CAIRO: Egypt’s Muslim Brotherhood has reached agreement in principle to run a joint list with other parties in the next parliamentary elections, its deputy leader said on Wednesday.
The heads of the Islamist group and some smaller secular parties agreed to run a united list in the elections, expected in around six months, which will be the first after veteran president Hosni Mubarak’s ouster last month by a wave of popular protests, Khairat Al-Shater said.
Shater, one of the Brotherhood’s three deputy leaders, told AFP the parties “agreed in principle to enter the election with an open, national list.”
The Islamist group, which had been banned since 1954, has said it will form a political party before the election.
They agreed to refer the matter to a committee to flesh out the proposal, he said.
The groups at the meeting, which included the liberal Wafd party and the leftist Nasserist and Karama parties, issued a joint declaration after a press conference that called for a series of democratic reforms.
“In the event that there is an agreement on the final shape of the national list, this will be its shared political program,” Shater told reporters.
The declaration made no mention of a referendum on constitutional amendments to be held this Saturday that has divided opposition groups, with the Brotherhood urging its members to back the changes and others calling for a “no” vote.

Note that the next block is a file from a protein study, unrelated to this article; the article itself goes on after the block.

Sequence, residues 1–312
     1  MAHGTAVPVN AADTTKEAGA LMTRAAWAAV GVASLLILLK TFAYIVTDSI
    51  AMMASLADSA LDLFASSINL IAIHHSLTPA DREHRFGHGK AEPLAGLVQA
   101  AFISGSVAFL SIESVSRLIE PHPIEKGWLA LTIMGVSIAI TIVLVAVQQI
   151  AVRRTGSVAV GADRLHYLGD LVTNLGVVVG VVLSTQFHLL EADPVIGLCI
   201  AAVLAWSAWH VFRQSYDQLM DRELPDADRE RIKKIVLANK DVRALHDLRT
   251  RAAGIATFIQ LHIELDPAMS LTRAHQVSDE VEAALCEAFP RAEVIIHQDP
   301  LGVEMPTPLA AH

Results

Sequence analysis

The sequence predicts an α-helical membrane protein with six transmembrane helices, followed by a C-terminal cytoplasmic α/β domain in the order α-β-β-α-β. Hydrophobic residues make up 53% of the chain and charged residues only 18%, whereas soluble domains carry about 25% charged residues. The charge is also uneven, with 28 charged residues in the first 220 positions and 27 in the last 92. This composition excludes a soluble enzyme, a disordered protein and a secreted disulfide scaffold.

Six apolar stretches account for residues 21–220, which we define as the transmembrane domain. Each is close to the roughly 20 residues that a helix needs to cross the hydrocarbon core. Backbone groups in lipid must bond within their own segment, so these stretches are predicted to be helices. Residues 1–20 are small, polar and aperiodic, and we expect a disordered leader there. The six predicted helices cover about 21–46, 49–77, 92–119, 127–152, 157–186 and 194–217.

The amendments, which include making it easier to stand for president and limiting the head of state to two four-year terms, were drafted by a panel of experts appointed by the military council that has ruled since Mubarak’s resignation.
The Brotherhood played down differences between the parties over the proposed amendments, which critics say were drawn up too hastily and do not go far enough.
“Some of us say yes, and we respect that opinion, and some of us say no, and we also respect that opinion. This is democracy,” Saad Al-Katatni, a senior Brotherhood official, said at the press conference.
But the head of the Wafd party, Sayyid Al-Badawi, said approval of the amendments would cause a “constitutional impasse.”
“We don’t reject them because they are bad, but because we want a new constitution,” he told reporters after the meeting.
“If the amendments are ratified, we would go back to constitutional legitimacy, and the constitution does not allow for the Supreme Council of the Armed Forces,” he said, referring to the ruling military council.